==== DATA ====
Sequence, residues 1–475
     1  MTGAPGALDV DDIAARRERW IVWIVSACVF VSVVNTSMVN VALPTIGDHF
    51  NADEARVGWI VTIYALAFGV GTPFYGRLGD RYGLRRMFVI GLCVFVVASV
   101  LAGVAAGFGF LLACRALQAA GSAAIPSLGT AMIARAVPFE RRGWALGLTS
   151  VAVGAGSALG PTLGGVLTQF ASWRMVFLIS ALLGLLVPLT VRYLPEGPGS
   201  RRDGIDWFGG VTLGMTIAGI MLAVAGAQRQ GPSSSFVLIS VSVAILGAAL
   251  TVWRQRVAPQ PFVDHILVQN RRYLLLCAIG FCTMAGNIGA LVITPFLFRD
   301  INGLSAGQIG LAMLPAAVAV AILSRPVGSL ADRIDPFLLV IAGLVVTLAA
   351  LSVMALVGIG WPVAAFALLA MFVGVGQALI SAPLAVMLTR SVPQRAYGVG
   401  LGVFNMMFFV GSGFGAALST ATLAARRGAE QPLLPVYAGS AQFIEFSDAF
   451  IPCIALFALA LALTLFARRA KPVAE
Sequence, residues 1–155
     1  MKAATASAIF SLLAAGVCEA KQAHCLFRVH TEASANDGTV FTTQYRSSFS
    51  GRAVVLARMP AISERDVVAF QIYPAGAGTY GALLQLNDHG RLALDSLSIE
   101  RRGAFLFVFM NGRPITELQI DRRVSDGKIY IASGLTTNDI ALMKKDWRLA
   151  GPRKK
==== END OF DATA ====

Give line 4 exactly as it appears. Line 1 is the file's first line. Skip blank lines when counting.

   101  LAGVAAGFGF LLACRALQAA GSAAIPSLGT AMIARAVPFE RRGWALGLTS